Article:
Sentomaš became part of the Kingdom of Serbs, Croats and Slovenes (which is called Yugoslavia since 1929) in 1918 and was officially named Srbobran. In 1918-1919, the town was part of the Banat, Bačka and Baranja region and also (between 1918 and 1922) part of the Novi Sad County. Between 1922 and 1929 it was part of Belgrade Oblast, and between 1929 and 1941 part of Danube Banovina. In 1941, the town was occupied by the Axis Powers and was attached to the Horthy's Hungary. In 1944, the Soviet Red Army and Yugoslav partisans expelled Axis troops from the region, at this time approximately 2000 civil people with Hungarian nationality was killed by revenge. Srbobran was included into the autonomous province of Vojvodina within new socialist Yugoslavia. Since 1945, Vojvodina is part of the People's Republic of Serbia within Yugoslavia. Until the 1950s, Srbobran was part of the Bečej municipality, but then separate municipality of Srbobran was established. During the Yugoslav wars of the 1990s, some Serb refugees came from Croatia, Bosnia and Herzegovina, and Kosovo, and settled in Srbobran.
Ethnic groups in the municipality
According to the 2011 census, the population of the Srbobran municipality is composed of:
- Serbs = 10,703 (65.63%)
- Hungarians = 3,387 (20.76%)
- Romani = 629 (3.85%)
- Others and undeclared = 1,598 (9.79%)
All of the three settlements in the municipality have an ethnic Serb majority. The Serbian and Hungarian language are officially used by municipal authorities.
Ethnic groups in the town
In 2011, Srbobran town has a population of 12,009, including:
- Serbs = 7,093 (59.06%)
- Hungarians = 3,220 (26.81%)
- Roma = 465 (3.87%)
- Others and undeclared = 1,231 (10.25%)
Historical population of the town
- 1961: 14,391
- 1971: 14,189
- 1981: 13,596
- 1991: 12,798
- 2011: 11,968
Town is located near to the M22 motorway between Belgrade and Subotica. There are two national highways that run through the town, highways 3 and 22. These three important routes make the town an important transport link.
- Members of the wealthy Dunđerski family were buried in the town's cemetery, including the famous beauty Lenka Dunđerski, who was a tragic love of poet Laza Kostić.
- Srbobran is the birthplace of Nándor Gion (1941–2002), one of the best-known Hungarian writers, who was born and mostly lived in the region of Vojvodina. In his books he describes, first of all, his home-town, "Szenttamás", during the tragic years of the world wars.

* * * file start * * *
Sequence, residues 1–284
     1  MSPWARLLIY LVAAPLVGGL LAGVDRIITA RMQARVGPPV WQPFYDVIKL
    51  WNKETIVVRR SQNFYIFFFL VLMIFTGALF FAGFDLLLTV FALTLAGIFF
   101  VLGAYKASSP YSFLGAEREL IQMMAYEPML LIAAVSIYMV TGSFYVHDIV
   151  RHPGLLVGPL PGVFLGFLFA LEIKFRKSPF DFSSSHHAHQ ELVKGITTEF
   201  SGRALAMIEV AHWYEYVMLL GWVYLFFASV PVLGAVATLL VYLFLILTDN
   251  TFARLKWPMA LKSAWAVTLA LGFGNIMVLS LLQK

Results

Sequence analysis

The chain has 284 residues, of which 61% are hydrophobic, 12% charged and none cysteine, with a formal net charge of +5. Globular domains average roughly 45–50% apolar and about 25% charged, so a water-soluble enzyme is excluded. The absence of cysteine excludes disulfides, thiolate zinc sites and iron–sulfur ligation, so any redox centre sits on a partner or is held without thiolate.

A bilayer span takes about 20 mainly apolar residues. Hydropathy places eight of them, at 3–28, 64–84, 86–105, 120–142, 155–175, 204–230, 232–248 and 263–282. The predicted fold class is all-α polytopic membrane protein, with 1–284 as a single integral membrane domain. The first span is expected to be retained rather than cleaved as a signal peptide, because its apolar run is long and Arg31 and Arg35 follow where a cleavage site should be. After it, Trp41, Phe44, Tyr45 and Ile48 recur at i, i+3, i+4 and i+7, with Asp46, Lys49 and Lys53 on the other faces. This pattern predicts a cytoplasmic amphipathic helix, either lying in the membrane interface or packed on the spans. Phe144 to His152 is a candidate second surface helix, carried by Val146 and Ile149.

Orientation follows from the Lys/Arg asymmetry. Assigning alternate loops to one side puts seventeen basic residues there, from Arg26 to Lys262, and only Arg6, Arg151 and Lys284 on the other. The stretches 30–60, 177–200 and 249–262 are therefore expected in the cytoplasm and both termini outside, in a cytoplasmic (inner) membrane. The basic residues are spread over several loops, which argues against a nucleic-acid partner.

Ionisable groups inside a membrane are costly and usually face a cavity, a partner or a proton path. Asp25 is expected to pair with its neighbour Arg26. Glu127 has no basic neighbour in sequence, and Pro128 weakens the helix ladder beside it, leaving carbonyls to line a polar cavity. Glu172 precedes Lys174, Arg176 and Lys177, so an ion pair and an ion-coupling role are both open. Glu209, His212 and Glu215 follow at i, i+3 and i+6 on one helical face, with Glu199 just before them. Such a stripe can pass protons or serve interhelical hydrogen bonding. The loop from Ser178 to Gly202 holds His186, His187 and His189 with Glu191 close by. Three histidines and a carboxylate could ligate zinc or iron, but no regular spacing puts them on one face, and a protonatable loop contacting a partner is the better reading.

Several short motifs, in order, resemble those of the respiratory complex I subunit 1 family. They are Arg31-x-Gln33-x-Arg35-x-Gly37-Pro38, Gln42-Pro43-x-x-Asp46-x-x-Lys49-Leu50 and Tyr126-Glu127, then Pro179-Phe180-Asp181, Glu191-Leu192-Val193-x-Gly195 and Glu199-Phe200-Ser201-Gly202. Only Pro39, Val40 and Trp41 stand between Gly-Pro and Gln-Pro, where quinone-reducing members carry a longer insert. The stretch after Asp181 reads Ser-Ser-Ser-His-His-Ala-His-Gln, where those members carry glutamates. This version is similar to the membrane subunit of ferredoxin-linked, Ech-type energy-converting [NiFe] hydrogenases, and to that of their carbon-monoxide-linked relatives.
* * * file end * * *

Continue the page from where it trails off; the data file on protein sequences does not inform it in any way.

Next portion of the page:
- Đorđe Dunđerski, Yugoslavian tennis player
- Serbian poet Vladislav Kaćanski was born in Srbobran.
- Ognjen Mudrinski, football player
- Aleksandar Katai, footballer, member of the Serbia national football team
- List of places in Serbia
- List of cities, towns and villages in Vojvodina
- Municipalities of Serbia
- South Bačka District
- Slobodan Ćurčić, Broj stanovnika Vojvodine, Novi Sad, 1996.
- Slobodan Ćurčić, Naselja Bačke - geografske karakteristike, Novi Sad, 2007.
- "Председник општине Србобран РАДИВОЈ ПАРОШКИ". Srbobran Official website. Retrieved 3 April 2018.
- "Municipalities of Serbia, 2006". Statistical Office of Serbia. Retrieved 2010-11-28.
- "2011 Census of Population, Households and Dwellings in the Republic of Serbia: Comparative Overview of the Number of Population in 1948, 1953, 1961, 1971, 1981, 1991, 2002 and 2011, Data by settlements" (PDF). Statistical Office of Republic Of Serbia, Belgrade. 2014. ISBN 978-86-6161-109-4. Retrieved 2014-06-27.
- Општина Србобран: Локална самоуправа (in Serbian). Municipality of Srbobran. Retrieved 2013-02-06.
On the territory of the Municipality in official use are Serbian language and Cyrillic script and Hungarian language and script
- "Srbobran Map and Weather Forecast". Worldplaces.net. Retrieved 2017-08-28.
- "CSERES TIBOR: VÉRBOSSZÚ BÁCSKÁBAN". Vmek.oszk.hu. Retrieved 2017-08-28.
- "Population by ethnicity – Srbobran". Statistical Office of the Republic of Serbia (SORS). Retrieved 4 March 2013.
- "Statut opštine Srbobran" (PDF), Ombudsman.rs (in Serbian), p. 1, 8 July 2008